Chance McGuire, 25, stands on the edge of a 650-foot concrete dam in Northern California. There is a light breeze. A lone hawk circles above the deep valley. The sound from the creek far below is faint. “Five...four...three...two...one,” counts McGuire. “See ya!” He leaps out into space. In one second he falls 16 ft, in two seconds 63 ft, and after three seconds and 137 ft he is dropping at 65 mph. The air comes rushing at his face and tearing at his clothes, and the massive gray dam is a blur. He prays that his parachute will open facing away from the dam, that the chute won't collapse, and that no ill wind will slam him back into the cold concrete. The chute snaps open, sounding like a gunshot in the valley. Now McGuire is soaring, making S turns in the air while descending toward the winding creek. When he lands safely, he lets out a whoop of joy.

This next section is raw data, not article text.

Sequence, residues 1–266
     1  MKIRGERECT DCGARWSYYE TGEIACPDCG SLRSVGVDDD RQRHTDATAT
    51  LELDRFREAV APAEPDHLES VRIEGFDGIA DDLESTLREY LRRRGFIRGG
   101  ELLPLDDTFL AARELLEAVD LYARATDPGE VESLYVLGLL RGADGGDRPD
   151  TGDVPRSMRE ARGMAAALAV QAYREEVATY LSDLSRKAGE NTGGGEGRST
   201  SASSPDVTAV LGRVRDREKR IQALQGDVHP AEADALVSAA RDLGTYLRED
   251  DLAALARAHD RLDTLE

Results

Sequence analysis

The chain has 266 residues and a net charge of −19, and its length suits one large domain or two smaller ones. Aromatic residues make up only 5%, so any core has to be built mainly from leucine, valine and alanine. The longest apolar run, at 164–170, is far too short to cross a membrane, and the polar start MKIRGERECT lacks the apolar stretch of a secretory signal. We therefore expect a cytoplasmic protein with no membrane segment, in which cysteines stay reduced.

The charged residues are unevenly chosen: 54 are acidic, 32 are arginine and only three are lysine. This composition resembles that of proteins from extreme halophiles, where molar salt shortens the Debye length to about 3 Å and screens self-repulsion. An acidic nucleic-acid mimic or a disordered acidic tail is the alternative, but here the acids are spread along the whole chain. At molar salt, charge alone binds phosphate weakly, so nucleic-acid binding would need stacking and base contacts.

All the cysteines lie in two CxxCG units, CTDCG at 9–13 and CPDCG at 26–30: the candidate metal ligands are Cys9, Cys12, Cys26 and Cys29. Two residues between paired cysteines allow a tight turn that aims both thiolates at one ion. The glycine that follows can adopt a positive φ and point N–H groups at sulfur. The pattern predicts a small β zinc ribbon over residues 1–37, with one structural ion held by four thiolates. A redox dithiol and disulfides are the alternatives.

Skateboarders, skiers, bicyclists, and snowboarders have all been testing the limits of their sports. Dissatisfied with ordinary tricks, bike riders now do back-flips and handstands on their handlebars. Skateboarders and in-line skaters soar off half-pipes, twisting and spinning high into the air like gymnasts. Skiers come down mountainsides so steep that it would probably be more accurate to say that they are falling rather than skiing. Extreme sports like these are gaining popularity in Europe and Asia, but they are most popular in America.
滑板、滑雪、自行车以及滑雪板运动员，都在测试着他们运动的极限。光是玩一些普通的花招已经不能满足他们，自行车手现在要做倒翻筋斗，还得撑在把手上倒立。滑板与直排轮运动员自 U 形槽高高飞出，像体操选手那样在空中扭身旋转。滑雪的人从山侧滑下，陡峭的程度与其说是滑雪，倒不如说是在坠落还比较正确。这类极限运动在欧洲和亚洲都日益流行，但它们在美国最为风行。